SAN DIEGO — Some 99 percent of texts are opened – 90 percent of them within three minutes of being received. More than half of consumers prefer to be contacted by their favorite brands by email.
There’s no question that people prefer these communication channels today.
Now, parishes of the San Diego Diocese will have the opportunity to use them to connect directly with their members.
Bishop Robert W. McElroy announced that the diocese had entered into an agreement with a leading company to provide this service.
Parishioners at participating parishes will be able to receive a wide range of information via text and email in English and Spanish. And they will be able to ask questions and provide instant feedback to the parishes in response.
“These are enormously difficult days in which we have all been challenged to refashion our pathways of preaching the Gospel of Jesus Christ and remaining close to our people,” the bishop said in a letter to the diocese’s priests announcing the agreement. “These are also days in which our parishes and schools have shown great creativity in finding new ways to bring the life of the Church to their communities.”
The bishop said that the platform will offer parishes the ability:
* To communicate with parishioners instantly via unlimited text messaging and email;
* To develop and update a database with parishioners’ basic information, as well key information, such as marital status and date they received the sacraments;
* To create attractive, relevant bulletins and newsletters; To share links, videos and other multimedia resources;
* To communicate directly with distinct ministries within the parish;
* To provide electronic communication compliant with safe environment policies.
Parishioners will be able to manage that electronic interaction like they do with the other organizations in their life. They will have a say as to how they want to receive information (text, email or both), from whom (the pastor, certain parish or diocesan ministries, the bishop, among others), and how often. And they can opt out if they wish.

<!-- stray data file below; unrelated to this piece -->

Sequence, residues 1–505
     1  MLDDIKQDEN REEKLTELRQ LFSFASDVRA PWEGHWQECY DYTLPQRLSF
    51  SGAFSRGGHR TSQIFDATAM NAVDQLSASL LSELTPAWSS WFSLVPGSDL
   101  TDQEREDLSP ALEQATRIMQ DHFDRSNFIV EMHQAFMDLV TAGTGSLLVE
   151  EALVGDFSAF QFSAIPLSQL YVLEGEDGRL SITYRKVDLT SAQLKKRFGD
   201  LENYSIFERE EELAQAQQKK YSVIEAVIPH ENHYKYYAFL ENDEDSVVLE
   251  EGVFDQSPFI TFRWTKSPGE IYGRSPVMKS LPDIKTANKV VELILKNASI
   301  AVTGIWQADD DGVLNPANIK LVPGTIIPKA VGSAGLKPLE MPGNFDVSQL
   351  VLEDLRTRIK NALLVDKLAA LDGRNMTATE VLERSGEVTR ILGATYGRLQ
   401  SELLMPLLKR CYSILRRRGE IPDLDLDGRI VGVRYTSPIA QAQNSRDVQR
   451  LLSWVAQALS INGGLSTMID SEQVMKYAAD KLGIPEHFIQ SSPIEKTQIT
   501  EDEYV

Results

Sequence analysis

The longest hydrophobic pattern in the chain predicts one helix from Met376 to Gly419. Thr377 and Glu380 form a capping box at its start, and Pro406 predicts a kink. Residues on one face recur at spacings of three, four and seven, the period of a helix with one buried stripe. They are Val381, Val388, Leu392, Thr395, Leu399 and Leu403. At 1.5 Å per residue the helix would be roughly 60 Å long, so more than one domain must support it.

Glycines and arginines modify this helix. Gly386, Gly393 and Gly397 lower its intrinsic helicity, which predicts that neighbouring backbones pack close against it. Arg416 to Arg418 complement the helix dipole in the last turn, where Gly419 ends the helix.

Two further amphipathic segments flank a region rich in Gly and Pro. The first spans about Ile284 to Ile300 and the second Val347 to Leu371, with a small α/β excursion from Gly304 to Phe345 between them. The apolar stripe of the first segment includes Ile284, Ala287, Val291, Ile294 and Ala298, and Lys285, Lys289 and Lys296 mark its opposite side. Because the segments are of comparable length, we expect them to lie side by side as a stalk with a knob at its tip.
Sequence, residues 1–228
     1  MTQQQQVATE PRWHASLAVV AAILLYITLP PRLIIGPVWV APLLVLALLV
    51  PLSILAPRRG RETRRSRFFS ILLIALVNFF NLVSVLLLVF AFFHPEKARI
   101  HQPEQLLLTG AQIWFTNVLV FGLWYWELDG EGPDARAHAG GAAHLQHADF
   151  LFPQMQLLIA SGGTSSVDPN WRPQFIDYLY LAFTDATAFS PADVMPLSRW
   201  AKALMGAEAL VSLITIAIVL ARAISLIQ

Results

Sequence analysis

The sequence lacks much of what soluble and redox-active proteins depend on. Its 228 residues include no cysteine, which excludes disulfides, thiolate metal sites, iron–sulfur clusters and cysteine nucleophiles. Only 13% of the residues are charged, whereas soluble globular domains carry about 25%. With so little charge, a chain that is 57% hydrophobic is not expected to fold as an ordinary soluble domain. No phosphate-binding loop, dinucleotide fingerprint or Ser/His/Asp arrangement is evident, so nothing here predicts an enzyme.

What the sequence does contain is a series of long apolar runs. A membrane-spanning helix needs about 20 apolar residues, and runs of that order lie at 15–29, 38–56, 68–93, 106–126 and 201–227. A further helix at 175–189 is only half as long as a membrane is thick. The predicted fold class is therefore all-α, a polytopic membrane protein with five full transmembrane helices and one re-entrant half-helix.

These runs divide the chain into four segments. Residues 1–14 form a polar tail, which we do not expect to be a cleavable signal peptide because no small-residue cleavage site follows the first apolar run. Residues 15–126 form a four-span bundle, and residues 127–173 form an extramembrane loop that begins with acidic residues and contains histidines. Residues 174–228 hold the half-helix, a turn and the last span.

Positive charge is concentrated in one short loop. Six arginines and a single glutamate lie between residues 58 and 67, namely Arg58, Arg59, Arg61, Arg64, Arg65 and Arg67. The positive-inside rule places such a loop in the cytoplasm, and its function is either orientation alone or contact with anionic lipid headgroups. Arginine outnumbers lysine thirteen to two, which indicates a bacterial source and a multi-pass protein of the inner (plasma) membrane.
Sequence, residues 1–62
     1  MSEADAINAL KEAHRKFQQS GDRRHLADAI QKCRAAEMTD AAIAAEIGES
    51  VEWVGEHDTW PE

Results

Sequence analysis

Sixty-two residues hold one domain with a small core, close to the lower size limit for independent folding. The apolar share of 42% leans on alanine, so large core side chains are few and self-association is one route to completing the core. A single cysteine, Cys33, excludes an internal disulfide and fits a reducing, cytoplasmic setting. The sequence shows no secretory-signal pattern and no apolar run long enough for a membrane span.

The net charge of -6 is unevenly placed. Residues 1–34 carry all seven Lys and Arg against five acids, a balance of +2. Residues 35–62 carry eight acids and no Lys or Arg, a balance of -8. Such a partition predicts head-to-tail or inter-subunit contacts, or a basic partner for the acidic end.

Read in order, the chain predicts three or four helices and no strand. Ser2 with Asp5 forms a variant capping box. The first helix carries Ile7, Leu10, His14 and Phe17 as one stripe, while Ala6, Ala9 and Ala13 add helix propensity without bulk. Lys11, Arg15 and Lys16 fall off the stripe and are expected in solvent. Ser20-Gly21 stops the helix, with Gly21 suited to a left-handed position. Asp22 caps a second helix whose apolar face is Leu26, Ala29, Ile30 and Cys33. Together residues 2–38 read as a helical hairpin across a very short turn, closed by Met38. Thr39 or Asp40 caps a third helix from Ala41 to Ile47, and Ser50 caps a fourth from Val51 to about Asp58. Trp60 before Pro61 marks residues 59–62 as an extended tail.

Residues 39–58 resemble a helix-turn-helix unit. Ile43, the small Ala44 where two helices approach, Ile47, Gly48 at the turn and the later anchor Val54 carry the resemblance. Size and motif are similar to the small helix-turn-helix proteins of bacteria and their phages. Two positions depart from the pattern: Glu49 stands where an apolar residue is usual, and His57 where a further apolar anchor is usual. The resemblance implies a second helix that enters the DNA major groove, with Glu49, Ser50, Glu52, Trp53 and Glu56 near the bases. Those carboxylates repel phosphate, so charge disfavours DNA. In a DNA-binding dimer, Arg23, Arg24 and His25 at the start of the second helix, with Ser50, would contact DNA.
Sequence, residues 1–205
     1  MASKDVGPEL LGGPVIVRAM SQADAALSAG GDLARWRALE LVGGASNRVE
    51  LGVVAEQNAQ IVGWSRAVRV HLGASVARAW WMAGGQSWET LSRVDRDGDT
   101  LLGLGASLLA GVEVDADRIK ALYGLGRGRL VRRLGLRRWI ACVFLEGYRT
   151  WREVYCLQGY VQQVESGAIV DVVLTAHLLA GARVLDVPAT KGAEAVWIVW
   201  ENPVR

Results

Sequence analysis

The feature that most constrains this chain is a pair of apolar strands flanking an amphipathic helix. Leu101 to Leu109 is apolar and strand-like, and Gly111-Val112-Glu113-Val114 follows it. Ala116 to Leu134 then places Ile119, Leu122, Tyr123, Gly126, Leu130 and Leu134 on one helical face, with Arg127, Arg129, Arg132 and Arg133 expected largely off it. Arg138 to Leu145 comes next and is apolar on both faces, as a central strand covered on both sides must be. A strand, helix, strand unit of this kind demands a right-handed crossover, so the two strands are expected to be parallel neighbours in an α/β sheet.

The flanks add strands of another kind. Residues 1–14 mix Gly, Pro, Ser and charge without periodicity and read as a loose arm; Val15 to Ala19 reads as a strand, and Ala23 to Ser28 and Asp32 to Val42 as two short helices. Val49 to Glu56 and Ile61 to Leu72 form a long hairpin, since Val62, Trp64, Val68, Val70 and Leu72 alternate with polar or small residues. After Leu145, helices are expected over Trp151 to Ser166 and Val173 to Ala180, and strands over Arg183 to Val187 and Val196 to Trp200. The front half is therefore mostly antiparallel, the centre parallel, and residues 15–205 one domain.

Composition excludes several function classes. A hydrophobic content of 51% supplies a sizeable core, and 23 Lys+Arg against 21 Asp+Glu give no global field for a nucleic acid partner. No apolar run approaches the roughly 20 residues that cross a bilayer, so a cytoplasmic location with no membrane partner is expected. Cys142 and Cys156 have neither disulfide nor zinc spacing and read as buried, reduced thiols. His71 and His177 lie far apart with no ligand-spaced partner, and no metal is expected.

The communication platform will be provided by Flocknote, based in Texas, that combines texting and email service to about 6,000 parishes nationwide. The San Diego Diocese becomes the second one in California to work with the company, after the San Francisco Archdiocese.
One-third of the parishes at the San Diego Diocese already use their service. Now, all parishes will have the opportunity to do so.
Chancellor María Olivia “Marioly” Galván is leading this initiative. She explained that the diocese was initially looking for a way to communicate with young adult Catholics, a priority identified at the synod held late last year focused on this population.
Then the COVID-19 pandemic exploded, swiftly altering every aspect of Church life.
“We began looking at ways that would allow us to communicate broadly and effectively across the entire diocese; employing a strategy that would not only help us with young adult outreach but also the wider community,” she said.
“Flocknote can be used to reach our mass Catholic population instantly,” she said. “Especially in these days, where most people own a mobile device, access to communication is an attainable goal.”
Pastors and parish ministry leaders will be able to share important updates and information pertaining to parish activities, schedule of livestreamed Masses, faith-formation classes, webinars or other opportunities through text messages and emails, she explained.
“This is a vehicle that can be used to deliver the Gospel message.”
This form of communication is meant to complement existing diocesan media, such as the parish bulletin, the newspaper The Southern Cross, and social media pages.
The platform will be adopted in phases. Initial trainings began May 20 and will continue through June 18 for each parish’s “Flocknote champion,” the staff member that will manage the platform, and its ministry leaders.
Each parish will begin to develop a database of their members, and, if they choose to, migrate their existing one onto the platform.
Maintaining these databases securely is a priority, said Matthew Sewell, the manager at Flocknote who will lead the service to the diocese.
The company will never share or sell the information it has collected from the parishes, he added.
He said that any healthy organization needs to reach its people directly.
“We all get messages from our bank, clothing store or favorite restaurant,” he said. “Why should the Church be the exception?”